The Texas abortion ban reveals how our society continuously takes away the rights of women, BIPOC and transgender people.
As of 1 September 2021, Texas has enacted the Heartbeat Bill, a near-total ban that only allows abortions before a fetal heartbeat is detected, which usually happens at around six weeks, long before most people know they are pregnant. Beyond that, healthcare providers can only perform abortions if the woman’s life is in immediate danger, with no exceptions in cases of rape or incest. Sound familiar? The 2021 bill is awfully similar to the first-ever ban on abortion that Texas approved back in 1854, with the only difference being that the latest law is not going to be upheld by the state. To avoid conflicts with Roe v Wade, the 1973 law that legalised the voluntary termination of pregnancy federally, citizens can now sue abortion providers and be awarded at least $10,000: a modern age bounty-hunt.
“The 2021 bill is awfully similar to the first-ever ban on abortion that Texas approved back in 1854…”
How the bill actually affects women and transgender people’s lives is not hard to imagine. The de facto ban is going to have a heavy toll on mental health, while also forcing people either to seek abortions in other states or to get illegal, unsafe abortions, which account for 8% to 11% of maternal death, according to the Human Rights Watch.
Minorities are likely to face the worst consequences. BIPOC have historically been charged for pregnancy-related crimes, such as the cases of Regina McKnight, Rennie Gibbs, Nina Buckwalter, and many more Black Americans that were charged with depraved-heart murder when their pregnancies resulted in still-birth. Generally speaking, marginalised groups more often resort to abortions due to poor sex education and little access to contraception and are, therefore, more likely to try and end pregnancies at home or in back-alley clinics. Young women are also going to face further challenges in the future if they’re forced to carry out a pregnancy when they were not prepared to do so. Low-income individuals and undocumented immigrants are also more affected by this bill because of economic and legal challenges accessing transportation to seek healthcare in other states.
“…marginalised groups more often resort to abortions and are, therefore, more likely to try and end pregnancies at home or in back-alley clinics…”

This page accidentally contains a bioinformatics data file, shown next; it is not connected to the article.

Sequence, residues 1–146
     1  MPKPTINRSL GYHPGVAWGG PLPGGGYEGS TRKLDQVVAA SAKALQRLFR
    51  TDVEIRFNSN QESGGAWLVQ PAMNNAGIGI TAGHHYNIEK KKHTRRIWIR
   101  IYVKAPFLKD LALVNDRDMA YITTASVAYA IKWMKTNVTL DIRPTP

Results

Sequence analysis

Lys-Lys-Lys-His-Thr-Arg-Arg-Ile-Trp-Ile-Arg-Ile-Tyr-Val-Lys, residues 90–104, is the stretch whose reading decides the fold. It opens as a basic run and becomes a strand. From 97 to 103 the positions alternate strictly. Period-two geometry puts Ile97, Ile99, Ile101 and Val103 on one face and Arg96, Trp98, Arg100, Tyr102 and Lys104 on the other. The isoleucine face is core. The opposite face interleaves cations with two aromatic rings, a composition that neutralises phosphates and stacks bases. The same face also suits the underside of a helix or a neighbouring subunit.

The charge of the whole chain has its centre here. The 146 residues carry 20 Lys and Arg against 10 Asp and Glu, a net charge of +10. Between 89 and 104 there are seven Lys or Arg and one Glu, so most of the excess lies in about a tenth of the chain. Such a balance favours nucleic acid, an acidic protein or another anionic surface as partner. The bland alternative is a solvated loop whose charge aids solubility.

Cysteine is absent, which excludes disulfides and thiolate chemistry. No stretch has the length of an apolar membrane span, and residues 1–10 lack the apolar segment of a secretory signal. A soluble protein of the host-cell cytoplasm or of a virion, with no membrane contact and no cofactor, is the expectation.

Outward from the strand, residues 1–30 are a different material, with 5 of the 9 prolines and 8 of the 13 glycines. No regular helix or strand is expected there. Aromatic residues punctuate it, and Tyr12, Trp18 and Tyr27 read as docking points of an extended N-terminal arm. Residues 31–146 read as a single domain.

Across the pond, many think that people in need of abortion in the UK are safe from consequences. The harsh reality is that Texas is just the latest expression of an ever-increasing anti-reproductive rights trend. For instance, while most people might think that abortion in the UK is fully legal, it is actually only technically allowed for socio-economic reasons in the first 24 weeks, and for medical emergencies after that. It is also worth noticing that, while the 1967 Abortion Act legalised abortions in the UK for the first time, in England and Wales it is officially still a criminal offence and remain difficult to have in Northern Ireland.
In addition to this, we can already see a turn towards conservative policies. During the pandemic, women were allowed to use at-home early medical abortions, and the consensus between healthcare organisations is that at-home abortions improve care and work very efficiently. However, the British government is actually considering the reimposition of criminal charges for people that use abortion pills at home. In an interview with Refinery29, chief executive of British Pregnancy Advisory Service Clare Murphy said that “if the government removes permission for telemedical abortions, any woman who uses pills at home could be imprisoned for life for an abortion at any gestation under the 1861 Offences Against the Person Act” and continues “even the Texas law doesn’t threaten women with that.”
“…the British government is actually considering the reimposition of criminal charges for people that use abortion pills at home…”
We should question what this bill says about the society we live in, a society that still inherently does not respect women’s bodies, their decisions, and their futures. We live in a society that too often shows no common sense towards women’s reproductive autonomy, and forces them to carry out pregnancies even if they’re the product of rape – but, if rape and incest were exceptions, does it mean that a woman has autonomy over her body only after it’s been violated? Last but not least, we should question why we live in a society that protects embryos by every means possible while police violence against BIPOC keeps going unpunished, and retaliation against White rapists is mostly mild; Texas Governor Greg Abbott responded to critics of the ban by saying the ultimate goal is to eliminate rape, however, Texan abortion providers potentially face a harsher sentence than rapists.
So at the end of the day, in terms of women’s abortion rights, it doesn’t really matter whether it is 2021 or 1854. There is only one thing we really know: abortion is a personal decision, not a legal and political debate. Our governments must do better, we must do better.